Is ruby fast yet?

Someone recently posted a link to this site: when discussing ruby 2.1 performance. Very interesting, it’s actually open source here:

I do like their graphs.

I first noticed this project yesterday, if I would have known about it earlier I would have contacted Brian. (which I will now)

I think it is very important to highlight where this project differs from is ruby fast yet.

Our initial goals are:

  1. Focus on MRI (back-end is to eventually support JRuby and Rubinius etc)

  2. Figure out which builds of MRI 2.1 regressed performance and which improved performance. To answer this questions we should:
    a. Graph every benchmark in the ruby/benchmarks folder, for every commit
    b. Graph the Discourse benchmark, for every commit

  3. Figure out which builds of Rails 4.1 regressed performance and which improved perf.

  4. Run all the tests on realistic production hardware and software stack, x64 Linux / gcc compiled. Support multiple backends to run the tests on.
    a. Ensure power management etc does not cause variance in tests. Run repeated runs, disable power management.

  5. Maintain the ability to backfill benchmarks as required, all ruby builds to live in separate easily addressable folders.

  6. Look at comparing performance of tuned stacks of Ruby as well (eg malloc limit raising, out of band gc for web apps etc)

  7. Build an extensible framework others can easily contribute to.

I do like seeing graphs, however I would like us to focus on a front end that is more similar to pypy speed center where you can compare any two things.

I am much more leaning towards using rbenv than rvm as it takes care of (5) cleanly.

cc @andypike @benweint

IRFY author here. Let me know any questions you have.

Builds are too long for me to benchmark every commit with the hardware I have, so I just went with benching every day. That at least narrows things down a lot. With more hardware, more could be done. You really want dedicated hardware for benchmarks, however.

I went with RVM for a couple reasons. The key reason at the time was that it had better support for more Rubies. I don’t know if the rbenv ecosystem has since caught up.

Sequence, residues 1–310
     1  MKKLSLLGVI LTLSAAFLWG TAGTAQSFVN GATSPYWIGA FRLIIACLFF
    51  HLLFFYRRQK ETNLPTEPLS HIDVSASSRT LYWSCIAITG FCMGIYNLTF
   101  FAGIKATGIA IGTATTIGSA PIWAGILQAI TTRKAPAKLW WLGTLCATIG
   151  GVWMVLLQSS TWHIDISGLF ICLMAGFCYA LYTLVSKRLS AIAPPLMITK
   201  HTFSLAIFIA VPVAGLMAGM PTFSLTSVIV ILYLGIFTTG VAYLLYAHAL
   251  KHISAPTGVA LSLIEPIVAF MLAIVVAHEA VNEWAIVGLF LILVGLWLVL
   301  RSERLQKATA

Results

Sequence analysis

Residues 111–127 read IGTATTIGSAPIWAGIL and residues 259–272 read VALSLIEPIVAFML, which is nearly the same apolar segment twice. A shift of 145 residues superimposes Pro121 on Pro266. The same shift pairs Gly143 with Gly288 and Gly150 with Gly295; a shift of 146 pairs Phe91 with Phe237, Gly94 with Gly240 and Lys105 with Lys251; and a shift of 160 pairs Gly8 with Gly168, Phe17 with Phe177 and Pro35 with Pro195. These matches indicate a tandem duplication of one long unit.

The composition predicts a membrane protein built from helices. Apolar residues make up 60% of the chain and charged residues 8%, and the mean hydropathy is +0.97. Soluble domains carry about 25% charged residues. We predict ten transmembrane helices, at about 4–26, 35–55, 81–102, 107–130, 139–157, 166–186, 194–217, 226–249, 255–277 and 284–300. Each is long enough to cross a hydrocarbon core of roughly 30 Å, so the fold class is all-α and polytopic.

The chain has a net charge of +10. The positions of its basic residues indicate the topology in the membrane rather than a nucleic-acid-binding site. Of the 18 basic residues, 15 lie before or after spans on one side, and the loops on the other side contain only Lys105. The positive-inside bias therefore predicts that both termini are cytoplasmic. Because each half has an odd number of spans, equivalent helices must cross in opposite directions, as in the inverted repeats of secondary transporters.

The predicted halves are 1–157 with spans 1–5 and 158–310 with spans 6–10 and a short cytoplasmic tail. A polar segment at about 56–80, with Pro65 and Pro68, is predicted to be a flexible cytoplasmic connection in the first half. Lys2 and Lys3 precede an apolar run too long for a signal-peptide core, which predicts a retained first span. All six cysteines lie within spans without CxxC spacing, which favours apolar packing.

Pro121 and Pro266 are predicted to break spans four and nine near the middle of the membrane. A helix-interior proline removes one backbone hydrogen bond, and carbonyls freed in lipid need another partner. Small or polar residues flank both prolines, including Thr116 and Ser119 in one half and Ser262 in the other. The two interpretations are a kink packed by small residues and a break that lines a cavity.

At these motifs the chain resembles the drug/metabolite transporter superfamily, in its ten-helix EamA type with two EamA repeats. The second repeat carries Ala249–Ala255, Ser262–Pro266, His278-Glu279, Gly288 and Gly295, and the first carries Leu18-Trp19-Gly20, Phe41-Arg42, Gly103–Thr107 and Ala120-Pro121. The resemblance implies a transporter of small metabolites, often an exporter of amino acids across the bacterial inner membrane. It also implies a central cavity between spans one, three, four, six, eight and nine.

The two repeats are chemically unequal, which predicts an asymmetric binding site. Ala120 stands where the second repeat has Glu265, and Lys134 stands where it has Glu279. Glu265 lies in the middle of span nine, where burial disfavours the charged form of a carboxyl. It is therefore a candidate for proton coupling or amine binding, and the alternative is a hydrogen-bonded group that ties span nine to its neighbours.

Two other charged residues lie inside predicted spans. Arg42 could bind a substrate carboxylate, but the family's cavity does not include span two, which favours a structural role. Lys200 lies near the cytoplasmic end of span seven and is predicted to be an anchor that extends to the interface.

I have learned that builds can break for a million reasons. External libraries. RVM bugs. Implementation bugs in my build environment. Implementation bugs that aren’t caught by test suites (found an RBX JIT bug once). Gems changing their interfaces and requirements. Continuous, full-stack, ecosystem testing has many points of failure.

Great to hear from you here.

I tried out rbenv this week and have decided to say goodbye to it. The rbenv rehash business is just a time killer for this kind of stuff, just logging on to my machine took 10 seconds due to rbenv business.

Instead I am going with chruby which is lightning fast and supports enough rubies to keep me happy.

I am also keeping all the builds around, I seem to have enough storage for it. When benching Discourse I am able to bundle --standalone which saves a lot on storage (although I do need to do some magic to allow for rubygems changes)

My current bench setup is using an oldish desktop I have, completely dedicated. Its an i7-960 with an ssd, slower than my current desktop but perfectly decent.

I had to spend a fair amount of time with cpufrequtil to get the clock to run at a consistent rate without it benching is rather inconsistent.

@mariovisic @brianhempel

Moving all rubybench discussion to the new home at: